Tottenham were deservedly knocked out of the Champions League at the last 16 stage after being well-beaten 3-0 by RB Leipzig in the second leg to round off a 4-0 aggregate victory for the German side.
Shorn of key players in attacking areas, Spurs had to overcome the first-leg deficit but slumped to a convincing defeat in east Germany and crashed out.
Marcel Sabitzer scored twice in the opening 21 minutes, Hugo Lloris culpable for both goals, to put the Premier League club on the brink of elimination and they were unable to reproduce their remarkable comeback from the same situation at Ajax in last season’s semi-final.
Emil Forsberg completed the rout late on with his first touch as Spurs bowed out with a whimper.
Defeat, on a back of a disappointing exit to Norwich in the FA Cup last week, leaves Jose Mourinho with no prospect of silverware this season.
He now has nine games left in the Premier League to try and ensure Tottenham are back in the Champions League next season, but even that is looking unlikely given their position in the Premier League table.
There were mitigating circumstances for this defeat given his side were missing the likes of Harry Kane, Son Heung-min, Moussa Sissoko and Steven Bergwijn.
But the way they were unable to repel Leipzig over the two legs highlights how weak they are in defence, with goalkeeper Lloris also letting them down.
The Bundesliga side, though, managed by 32-year-old manager Julian Nagelsmann, nicknamed ‘Baby Mourinho’, moved into the Champions League quarter-finals for the first time in their history.
Mourinho had been bullish about his side’s chances of progressing before kick-off, even if he knew it would take “something special”.
Spurs have a history of Champions League revivals, most notably last season’s unforgettable comeback in Amsterdam, but, even with Mourinho’s optimism, there was a sense that it would take something similar to prevail here.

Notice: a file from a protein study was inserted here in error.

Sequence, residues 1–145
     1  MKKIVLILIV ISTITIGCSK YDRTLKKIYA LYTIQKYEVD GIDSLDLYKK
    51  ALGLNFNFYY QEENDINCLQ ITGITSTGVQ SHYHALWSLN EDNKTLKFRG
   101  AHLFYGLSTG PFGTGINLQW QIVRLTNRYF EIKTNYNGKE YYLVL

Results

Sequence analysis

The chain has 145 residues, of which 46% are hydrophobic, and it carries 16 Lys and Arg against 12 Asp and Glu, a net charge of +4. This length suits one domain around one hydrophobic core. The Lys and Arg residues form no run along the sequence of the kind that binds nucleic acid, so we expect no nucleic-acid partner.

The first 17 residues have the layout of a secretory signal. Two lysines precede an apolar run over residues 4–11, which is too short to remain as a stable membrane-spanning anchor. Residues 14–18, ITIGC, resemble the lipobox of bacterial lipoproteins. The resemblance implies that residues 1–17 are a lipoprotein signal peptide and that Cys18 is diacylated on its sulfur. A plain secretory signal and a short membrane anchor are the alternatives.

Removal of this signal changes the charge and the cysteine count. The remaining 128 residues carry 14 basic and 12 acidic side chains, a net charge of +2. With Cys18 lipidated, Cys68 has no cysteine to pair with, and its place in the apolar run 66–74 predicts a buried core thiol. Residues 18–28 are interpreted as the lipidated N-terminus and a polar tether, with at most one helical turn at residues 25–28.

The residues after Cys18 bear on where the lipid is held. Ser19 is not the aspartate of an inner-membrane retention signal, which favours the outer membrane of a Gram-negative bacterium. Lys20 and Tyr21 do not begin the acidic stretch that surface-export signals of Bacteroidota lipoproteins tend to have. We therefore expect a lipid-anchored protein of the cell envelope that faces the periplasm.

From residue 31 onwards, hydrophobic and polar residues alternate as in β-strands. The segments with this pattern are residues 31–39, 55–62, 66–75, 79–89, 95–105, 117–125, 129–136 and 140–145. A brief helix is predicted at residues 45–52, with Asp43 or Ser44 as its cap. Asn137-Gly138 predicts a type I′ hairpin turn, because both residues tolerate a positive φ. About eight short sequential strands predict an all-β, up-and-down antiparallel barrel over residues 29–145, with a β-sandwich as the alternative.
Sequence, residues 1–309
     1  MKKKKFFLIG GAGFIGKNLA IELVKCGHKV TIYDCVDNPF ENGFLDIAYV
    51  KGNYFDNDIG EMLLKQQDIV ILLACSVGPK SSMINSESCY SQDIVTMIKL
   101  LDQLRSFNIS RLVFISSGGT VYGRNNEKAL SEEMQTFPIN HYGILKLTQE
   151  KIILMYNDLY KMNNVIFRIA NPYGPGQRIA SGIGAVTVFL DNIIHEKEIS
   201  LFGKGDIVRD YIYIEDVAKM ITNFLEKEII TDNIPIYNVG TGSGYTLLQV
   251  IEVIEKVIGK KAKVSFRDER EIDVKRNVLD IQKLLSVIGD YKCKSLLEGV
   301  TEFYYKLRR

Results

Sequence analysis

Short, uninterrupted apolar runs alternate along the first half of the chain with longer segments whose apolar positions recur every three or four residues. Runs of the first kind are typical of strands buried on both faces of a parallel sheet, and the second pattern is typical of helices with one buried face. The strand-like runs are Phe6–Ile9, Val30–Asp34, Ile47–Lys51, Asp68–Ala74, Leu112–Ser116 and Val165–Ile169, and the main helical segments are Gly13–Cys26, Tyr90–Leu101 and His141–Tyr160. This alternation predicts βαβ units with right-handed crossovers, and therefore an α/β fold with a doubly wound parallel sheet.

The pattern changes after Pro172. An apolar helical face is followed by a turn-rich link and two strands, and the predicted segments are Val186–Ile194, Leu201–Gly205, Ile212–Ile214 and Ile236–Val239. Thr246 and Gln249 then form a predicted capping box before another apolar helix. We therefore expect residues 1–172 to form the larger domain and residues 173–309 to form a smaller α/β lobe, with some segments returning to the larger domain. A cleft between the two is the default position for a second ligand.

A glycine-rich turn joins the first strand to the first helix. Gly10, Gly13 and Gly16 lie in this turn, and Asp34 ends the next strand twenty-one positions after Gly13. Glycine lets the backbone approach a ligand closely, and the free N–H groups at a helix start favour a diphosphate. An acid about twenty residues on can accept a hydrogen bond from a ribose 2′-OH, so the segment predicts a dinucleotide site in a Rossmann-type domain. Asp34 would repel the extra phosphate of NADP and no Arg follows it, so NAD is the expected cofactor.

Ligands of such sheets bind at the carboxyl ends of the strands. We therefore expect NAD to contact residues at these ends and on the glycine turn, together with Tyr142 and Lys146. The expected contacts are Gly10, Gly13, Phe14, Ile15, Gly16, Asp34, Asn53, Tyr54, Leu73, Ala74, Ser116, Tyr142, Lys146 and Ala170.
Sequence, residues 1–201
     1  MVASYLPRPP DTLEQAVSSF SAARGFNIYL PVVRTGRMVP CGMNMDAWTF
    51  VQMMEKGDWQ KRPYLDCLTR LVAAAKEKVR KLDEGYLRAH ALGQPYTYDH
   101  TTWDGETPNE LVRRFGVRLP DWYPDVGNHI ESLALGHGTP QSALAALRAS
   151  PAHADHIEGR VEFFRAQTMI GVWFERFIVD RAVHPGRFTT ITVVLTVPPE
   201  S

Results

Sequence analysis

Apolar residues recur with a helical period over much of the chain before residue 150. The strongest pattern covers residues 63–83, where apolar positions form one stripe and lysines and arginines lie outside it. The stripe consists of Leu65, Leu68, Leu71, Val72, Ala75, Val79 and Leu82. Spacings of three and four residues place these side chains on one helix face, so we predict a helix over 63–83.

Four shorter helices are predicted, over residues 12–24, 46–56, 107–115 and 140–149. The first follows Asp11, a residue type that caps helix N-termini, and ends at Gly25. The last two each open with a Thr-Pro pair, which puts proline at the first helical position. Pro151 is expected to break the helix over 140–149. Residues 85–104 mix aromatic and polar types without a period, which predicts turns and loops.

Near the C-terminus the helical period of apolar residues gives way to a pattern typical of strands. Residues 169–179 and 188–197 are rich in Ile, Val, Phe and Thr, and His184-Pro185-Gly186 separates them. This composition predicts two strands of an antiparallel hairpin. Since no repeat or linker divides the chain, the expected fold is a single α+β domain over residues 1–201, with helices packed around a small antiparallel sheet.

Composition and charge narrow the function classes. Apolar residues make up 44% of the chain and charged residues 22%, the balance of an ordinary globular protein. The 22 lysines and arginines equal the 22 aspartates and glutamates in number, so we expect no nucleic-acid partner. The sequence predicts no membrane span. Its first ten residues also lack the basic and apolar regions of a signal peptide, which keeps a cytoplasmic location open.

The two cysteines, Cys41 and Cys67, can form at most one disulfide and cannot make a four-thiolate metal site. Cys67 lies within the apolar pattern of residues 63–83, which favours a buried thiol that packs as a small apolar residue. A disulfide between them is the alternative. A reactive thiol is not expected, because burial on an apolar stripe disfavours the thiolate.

But any hope Spurs had of a fast start was dashed inside the opening 20 minutes as they collapsed and found themselves two goals down.
Leipzig cut their defence oxpen at will, although Lloris was most at fault.
In the 10th minute, the France captain, culpable for a goal at Burnley on Saturday, failed to keep out Sabitzer’s scuffed shot from 20 yards, despite getting a decent hand to it.
Timo Werner had a goal rightly chalked out for offside, but Leipzig soon had their second and again Lloris was to blame.
Serge Aurier did his keeper no favours, misjudging a header and then allowing Angelino to get a cross in too easily, but Lloris still should have saved Sabitzer’s header, having again got a hand to it.
Spurs had a mountain to climb and the absence of key men in attack made their task even harder.
The influential Giovani Lo Celso started to get into the game and had the visitors’ first effort on goal as his low curling effort forced Peter Gulacsi into a stretching save.
Spurs had plenty of the ball in the second half, with the hosts happy to sit off and hit them on the counter-attack, a ploy which saw Patrik Schick and Werner blaze off target.
Dele Alli had Tottenham’s only chance of the second half as he shot straight at Gulacsi and Spurs were punished in the final five minutes.
Forsberg had only just come on when he was on hand to rifle home from Angelino’s pass and complete Tottenham’s misery.